keel. If you've never sailed before, you'll also probably want
              to build or buy a smaller sailboat first for learning before
              attempting to handle a 60 foot schooner.

              If you're up for a big project, though, there's a lot of upside
              to the I60: daysailing with a dozen or more guests, "all weather"
              cruising with 4-6, 10+ knot performance in "Wyoming mode" when the
              wind dies or on canals, trailering to distant cruising grounds or
              to race other I60s or schooners, all on a visually stunning boat
              that's easy to build for her size. And you know at least two other
              owners by virtue of being on this list. (A smaller project with
              similar virtues would be the William D. Jochems.)

              -- Sue --
              (unofficial I60 class secretary and head cheerleader)
              --
              Susan Davis <futabachan@...>
            • ben_azo
              So sory I cant follow the link via my server,and I am so curious Stephan ... commissioning ... from ... with ... available ... been ... it s ... and ... Thus,
              Message 6 of 22 , Aug 1 9:35 PM
                So sory I cant follow the link via my server,and I am so curious
                Stephan

                --- In bolger@yahoogroups.com, "Susan Davis"
                <futabachan@y...> wrote:
                > I actually threw out the I60 as a joke -- since I'm
                commissioning
                > her from PCB, I've got the "shiny new hammer" syndrome. But
                from
                > what you write, there may actually be a match here....
                >
                > > From my quick search of what the Insolent 60 is I don't think it
                > > will work, if it is not a cruising sail boat . Am I wrong? Got
                > > any pics/drawings links?.
                >
                > Actually, she is a cruising boat now -- when David and I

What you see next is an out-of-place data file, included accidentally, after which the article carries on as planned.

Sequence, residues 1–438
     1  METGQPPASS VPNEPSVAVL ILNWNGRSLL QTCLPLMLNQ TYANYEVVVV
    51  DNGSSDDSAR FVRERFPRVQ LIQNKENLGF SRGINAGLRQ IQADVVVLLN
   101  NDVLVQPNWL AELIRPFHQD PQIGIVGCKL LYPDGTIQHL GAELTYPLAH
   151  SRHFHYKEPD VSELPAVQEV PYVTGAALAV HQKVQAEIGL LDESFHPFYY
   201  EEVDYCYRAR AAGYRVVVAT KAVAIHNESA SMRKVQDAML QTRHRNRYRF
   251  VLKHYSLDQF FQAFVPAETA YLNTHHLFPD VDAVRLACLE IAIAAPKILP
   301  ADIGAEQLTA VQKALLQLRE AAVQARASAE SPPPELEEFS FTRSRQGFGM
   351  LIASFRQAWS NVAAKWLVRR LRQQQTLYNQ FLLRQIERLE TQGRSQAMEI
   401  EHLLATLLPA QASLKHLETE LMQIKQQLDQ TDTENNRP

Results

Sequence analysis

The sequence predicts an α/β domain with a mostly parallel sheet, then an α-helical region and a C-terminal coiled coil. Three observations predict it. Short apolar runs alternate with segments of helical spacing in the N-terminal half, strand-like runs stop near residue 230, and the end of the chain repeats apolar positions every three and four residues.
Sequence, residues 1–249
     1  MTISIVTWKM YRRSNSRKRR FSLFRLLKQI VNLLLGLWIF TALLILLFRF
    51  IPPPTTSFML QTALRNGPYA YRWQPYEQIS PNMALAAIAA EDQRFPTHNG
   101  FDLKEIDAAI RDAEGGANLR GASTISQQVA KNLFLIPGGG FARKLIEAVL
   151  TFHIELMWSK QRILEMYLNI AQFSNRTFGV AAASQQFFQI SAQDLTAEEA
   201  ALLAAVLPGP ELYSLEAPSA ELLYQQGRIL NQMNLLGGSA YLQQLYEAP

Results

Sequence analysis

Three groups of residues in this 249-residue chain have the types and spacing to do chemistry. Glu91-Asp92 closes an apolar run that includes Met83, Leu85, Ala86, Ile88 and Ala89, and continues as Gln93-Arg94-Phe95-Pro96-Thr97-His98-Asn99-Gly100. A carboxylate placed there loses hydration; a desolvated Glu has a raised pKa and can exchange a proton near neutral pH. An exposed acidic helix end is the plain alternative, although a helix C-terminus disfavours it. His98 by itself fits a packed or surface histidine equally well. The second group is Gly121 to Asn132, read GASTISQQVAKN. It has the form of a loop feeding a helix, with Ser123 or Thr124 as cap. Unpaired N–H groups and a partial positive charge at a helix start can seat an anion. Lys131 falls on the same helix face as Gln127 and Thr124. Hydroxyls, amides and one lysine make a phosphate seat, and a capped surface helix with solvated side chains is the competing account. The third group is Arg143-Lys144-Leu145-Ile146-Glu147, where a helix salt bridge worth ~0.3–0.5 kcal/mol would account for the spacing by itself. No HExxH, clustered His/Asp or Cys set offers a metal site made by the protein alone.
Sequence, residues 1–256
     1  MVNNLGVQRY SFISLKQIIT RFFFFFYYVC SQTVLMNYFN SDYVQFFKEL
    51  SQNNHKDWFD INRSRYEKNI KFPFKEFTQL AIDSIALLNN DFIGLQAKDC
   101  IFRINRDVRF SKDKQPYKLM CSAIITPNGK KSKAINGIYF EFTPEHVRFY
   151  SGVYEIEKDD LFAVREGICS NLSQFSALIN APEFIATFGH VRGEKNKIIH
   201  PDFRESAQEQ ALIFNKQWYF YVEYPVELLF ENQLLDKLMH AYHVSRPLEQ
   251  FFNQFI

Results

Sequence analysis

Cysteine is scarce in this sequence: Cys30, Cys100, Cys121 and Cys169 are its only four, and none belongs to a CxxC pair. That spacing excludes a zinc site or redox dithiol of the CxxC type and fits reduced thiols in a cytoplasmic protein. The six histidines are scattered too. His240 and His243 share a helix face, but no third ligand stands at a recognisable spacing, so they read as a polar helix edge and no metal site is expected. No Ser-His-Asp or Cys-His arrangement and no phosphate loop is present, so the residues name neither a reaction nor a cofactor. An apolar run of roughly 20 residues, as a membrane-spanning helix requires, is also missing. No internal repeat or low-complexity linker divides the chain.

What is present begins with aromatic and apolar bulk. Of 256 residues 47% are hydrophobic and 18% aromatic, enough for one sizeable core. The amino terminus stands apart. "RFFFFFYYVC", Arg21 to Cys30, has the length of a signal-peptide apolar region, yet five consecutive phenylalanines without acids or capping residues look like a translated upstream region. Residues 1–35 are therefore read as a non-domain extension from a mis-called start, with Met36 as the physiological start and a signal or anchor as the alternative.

> commissioned her, we had PCB redo her as a family cruiser
                with
                > accomodations for 6. The one extant drawing of her is
                available
                > at http://www.crumblingempire.com/insolent, but there have
                been
                > some fairly substantial changes, according to PCB, since then.
                > (The rudder is no longer stern-hung, and she's a foot wider,
                > among other things.)
                >
                > > I want some 6 people of various age and size to be warm if
                it's
                > > cold and dry if it rains with a great view of the scenery while
                > > under way (come rain or shine). Naturally a head is in order
                and
                > > some sort of galley. Sleeping arrangements? I'd be really
                > > blessed to think I could sleep six in any boat I could afford.
                Thus,
                > > what-ever I can get!
                > >
                > > Trailerable.
                >
                > The I60 features an owner's double berth, two single berths in
                > "tunnels" astride the foremast, and a salon that could sleep
                two
                > more, all in a "birdwatcher" cabin with standing headroom
                through
                > the open centerline hatches. There's a head, of course
                (peeing
                > over the side isn't an option for me), and a galley, and
                enormous
                > open cockpits forward and aft for lounging in fair weather.
                >
                > > Also, I'd like more comfort and protection while under way for
                me,
                > > my crew and passengers than the sail boats I've seen can
                give,
                > > save for maybe the PCB Fast Motorsailer.
                >
                > The main cabin of the I60 is a "birdwatcher" cabin -- everyone
                > stays warm and dry if the weather is foul (or under shade with
                > good ventilation if it's beastly hot; have you seen the WDJ